It’s Yom Ha’Atzmaut, and throughout the day the Scroll will highlight some of the gems Israeli culture has created in the past seventy years.
Perpetually broke, endlessly resourceful, and infinitely charming, Israeli cinema is a great microcosm of the country itself. Beginning with newsreels in the 1940s and 1950s, the fledgling industry soon began creating its own masterworks, many of which, unsurprisingly, focused on war, immigration, and the other major themes of Israeli life. Here are seven of the most essential:
Givat Halfon Einah Ona:
Written by Assi Dayan, Moshe’s son and an artist as ingenuous on film as his father was on the battlefield, the movie is an uproarious farce starring Hagasash Ha’Hiver, Israel’s most iconic comedy trio. It revolves around that quintessentially Israeli experience of miluim, the month or so a year of reserve duty in which most Israeli men serve until they’re in their fifties. Lounging in a remote army base in the Sinai desert, a gaggle of men (and the women who love them) scheme, tell jokes, and enjoy time away from their everyday worries.
Nothing, really, happens in this movie, which stars Uri Zohar and Arik Einstein as two beach bums who sit by the water, hit on women, and behave like utterly charming troglodytes. But anyone who has ever skipped a day of school to go laze on the beach—which is to say nearly every Israeli—would immediately connect with the laid-back vibe. Einstein, of course, was Israel’s most celebrated singer, and Zohar, the revered comedian and filmmaker, has since become a ba’al teshuvah and looks nothing like the shirtless bohemian immortalized on film.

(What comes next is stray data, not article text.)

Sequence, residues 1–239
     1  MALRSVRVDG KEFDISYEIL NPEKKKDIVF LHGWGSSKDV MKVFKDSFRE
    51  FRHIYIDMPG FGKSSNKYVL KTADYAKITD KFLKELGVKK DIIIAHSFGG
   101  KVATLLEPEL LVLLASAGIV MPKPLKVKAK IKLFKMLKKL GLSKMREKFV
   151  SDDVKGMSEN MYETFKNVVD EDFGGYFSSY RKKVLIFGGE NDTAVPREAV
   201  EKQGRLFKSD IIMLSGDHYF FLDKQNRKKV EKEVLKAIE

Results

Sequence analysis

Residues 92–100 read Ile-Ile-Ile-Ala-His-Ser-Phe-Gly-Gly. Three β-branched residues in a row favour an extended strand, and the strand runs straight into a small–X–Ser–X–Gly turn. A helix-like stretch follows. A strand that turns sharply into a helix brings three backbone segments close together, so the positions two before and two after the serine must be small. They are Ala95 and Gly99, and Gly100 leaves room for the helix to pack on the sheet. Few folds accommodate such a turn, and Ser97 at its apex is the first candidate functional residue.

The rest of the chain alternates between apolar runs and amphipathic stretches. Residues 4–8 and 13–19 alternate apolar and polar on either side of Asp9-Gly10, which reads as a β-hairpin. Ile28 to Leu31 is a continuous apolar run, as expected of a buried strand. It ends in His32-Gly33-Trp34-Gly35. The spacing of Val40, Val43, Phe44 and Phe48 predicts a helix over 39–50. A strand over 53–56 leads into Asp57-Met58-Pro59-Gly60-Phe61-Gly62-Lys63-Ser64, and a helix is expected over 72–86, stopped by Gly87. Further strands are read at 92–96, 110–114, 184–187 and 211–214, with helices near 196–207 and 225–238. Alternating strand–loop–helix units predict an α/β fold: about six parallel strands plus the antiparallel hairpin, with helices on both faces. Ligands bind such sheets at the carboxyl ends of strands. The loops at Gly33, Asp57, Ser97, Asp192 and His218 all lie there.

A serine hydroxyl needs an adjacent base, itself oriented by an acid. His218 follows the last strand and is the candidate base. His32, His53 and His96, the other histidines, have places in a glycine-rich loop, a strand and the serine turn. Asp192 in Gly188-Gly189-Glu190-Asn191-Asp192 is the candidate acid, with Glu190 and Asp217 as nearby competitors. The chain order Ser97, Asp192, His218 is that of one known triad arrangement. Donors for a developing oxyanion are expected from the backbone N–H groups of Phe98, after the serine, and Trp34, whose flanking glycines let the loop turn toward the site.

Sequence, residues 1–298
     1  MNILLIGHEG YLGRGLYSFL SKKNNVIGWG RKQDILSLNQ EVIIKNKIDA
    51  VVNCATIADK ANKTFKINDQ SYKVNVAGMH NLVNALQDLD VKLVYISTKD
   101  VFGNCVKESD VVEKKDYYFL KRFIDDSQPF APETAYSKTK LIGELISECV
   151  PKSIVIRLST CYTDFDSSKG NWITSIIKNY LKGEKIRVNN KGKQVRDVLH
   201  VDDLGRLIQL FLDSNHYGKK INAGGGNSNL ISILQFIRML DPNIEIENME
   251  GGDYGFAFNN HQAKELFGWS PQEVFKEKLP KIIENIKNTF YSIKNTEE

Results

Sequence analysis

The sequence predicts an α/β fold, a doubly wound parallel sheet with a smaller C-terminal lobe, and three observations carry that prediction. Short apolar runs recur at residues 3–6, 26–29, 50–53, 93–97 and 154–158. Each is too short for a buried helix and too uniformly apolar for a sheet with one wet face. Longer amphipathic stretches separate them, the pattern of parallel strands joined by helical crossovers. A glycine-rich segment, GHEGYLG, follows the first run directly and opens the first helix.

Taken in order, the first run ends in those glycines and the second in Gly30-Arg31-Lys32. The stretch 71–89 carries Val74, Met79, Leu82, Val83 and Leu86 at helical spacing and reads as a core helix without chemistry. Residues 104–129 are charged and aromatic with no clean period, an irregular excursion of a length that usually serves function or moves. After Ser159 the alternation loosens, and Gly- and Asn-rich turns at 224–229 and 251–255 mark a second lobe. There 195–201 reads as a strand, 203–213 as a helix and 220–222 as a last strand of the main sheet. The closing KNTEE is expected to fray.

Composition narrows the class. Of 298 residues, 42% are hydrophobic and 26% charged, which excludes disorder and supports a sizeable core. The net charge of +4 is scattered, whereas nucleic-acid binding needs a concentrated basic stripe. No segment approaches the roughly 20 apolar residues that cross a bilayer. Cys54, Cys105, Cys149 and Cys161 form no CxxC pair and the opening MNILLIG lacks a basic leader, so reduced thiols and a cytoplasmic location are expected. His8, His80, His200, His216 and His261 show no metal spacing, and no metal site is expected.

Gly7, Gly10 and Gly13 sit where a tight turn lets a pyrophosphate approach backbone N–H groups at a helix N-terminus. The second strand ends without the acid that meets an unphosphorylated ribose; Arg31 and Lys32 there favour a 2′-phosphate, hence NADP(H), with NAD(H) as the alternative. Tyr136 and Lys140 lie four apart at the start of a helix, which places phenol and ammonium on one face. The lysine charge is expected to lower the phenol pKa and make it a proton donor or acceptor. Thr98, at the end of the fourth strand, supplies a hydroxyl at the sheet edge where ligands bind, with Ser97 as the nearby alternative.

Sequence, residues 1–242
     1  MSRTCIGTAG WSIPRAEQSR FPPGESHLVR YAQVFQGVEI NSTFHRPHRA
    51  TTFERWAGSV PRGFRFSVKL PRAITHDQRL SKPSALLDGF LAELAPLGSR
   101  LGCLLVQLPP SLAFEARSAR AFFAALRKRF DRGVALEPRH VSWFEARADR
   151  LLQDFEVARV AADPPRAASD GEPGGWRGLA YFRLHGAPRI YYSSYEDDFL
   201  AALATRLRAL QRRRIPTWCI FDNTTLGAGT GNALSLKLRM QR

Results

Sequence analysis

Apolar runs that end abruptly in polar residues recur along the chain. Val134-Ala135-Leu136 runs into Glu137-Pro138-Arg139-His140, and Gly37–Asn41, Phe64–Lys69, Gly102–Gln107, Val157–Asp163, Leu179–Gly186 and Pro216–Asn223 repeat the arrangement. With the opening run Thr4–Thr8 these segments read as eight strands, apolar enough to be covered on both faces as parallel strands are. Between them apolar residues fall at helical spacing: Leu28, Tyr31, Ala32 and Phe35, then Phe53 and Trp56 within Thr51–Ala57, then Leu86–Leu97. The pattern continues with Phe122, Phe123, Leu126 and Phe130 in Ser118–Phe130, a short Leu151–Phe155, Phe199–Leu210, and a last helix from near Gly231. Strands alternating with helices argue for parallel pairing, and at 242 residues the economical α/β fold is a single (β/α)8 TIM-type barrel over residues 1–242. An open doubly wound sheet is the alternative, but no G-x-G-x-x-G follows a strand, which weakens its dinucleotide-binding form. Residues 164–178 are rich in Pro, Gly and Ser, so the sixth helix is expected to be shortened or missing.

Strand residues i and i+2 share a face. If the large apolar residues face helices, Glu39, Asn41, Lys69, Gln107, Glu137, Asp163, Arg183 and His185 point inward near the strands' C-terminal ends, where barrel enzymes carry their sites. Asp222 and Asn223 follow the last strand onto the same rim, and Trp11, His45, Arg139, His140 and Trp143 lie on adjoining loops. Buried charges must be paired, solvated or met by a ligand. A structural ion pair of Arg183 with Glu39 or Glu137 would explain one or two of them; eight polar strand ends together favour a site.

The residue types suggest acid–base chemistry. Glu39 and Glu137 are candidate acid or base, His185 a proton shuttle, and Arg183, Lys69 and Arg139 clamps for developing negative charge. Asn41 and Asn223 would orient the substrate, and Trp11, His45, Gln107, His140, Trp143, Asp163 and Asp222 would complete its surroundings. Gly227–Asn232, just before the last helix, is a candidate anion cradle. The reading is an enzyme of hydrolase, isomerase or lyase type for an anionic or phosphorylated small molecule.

Completed when its director, Amos Guttman, was dying of AIDS, this immensely moving film is one of the first Israeli movies ever to feature gay protagonists, and the first to address the AIDS epidemic. It tells the story of Yonatan, a sensitive young Tel Avivi who falls for Thomas, a New Yorker visiting Israel. Like Guttman, Thomas, too, has AIDS, and his affair with Yonatan is no less tender for being doomed.
When it premiered in 1975, the film helped launched a genre known as “Burekas Movies.” It wasn’t meant as a compliment, burekas being a popular pastry sold for a few shekels to hungry and not particularly discerning people. But these movies, with their reliance on broad humor and ethnic stereotypes and preposterous plots, proved infinitely popular, becoming cult-like hits that have withstood the test of time. Hagigah Ba’Snooker stars the genre’s two founding father, Ze’ev Revach and Yehuda Barkan, as well as a script largely improvised on camera.
Ephraim Kishon’s masterpiece is as universal as it is thoroughly Israeli. It tells the story of a madman, Kazimir Blaumilch, who takes to the street in Tel Aviv one day with a massive drill and begins to break ground. Assuming he’s authorized to do so, neighbors, the police, and other officials all rush to help him, hailing his vision for digging tunnels and turning Tel Aviv into the Venice of the Middle East. The only person who dares observe that Blaumilch is mad is himself committed to the hospital, considered crazy for doubting what is so clearly an ambitious Zionist project.
When the kibbutz refuses to grant the newly deceased Savta Chaya a burial spot, it’s up to her three grandsons to bring their grandmother to a final resting place. Sadly, one of them is a psychotic army officer who turns the funeral into a military operation and the film into one of the best loved Israeli comedies of all time, a parody both of life on the kibbutz and life in the army.
Dover Kosashvili’s drama about the forbidden love between an Israeli man of Georgian heritage and a woman whose family came from Morocco was a surprise blockbuster, considering the fact that it largely speaks Georgian, not Hebrew. But Ronit Elkabetz’s magical performance transcends all boundaries, as both Israeli movie-goers and the judges at the Cannes Film Festival agreed.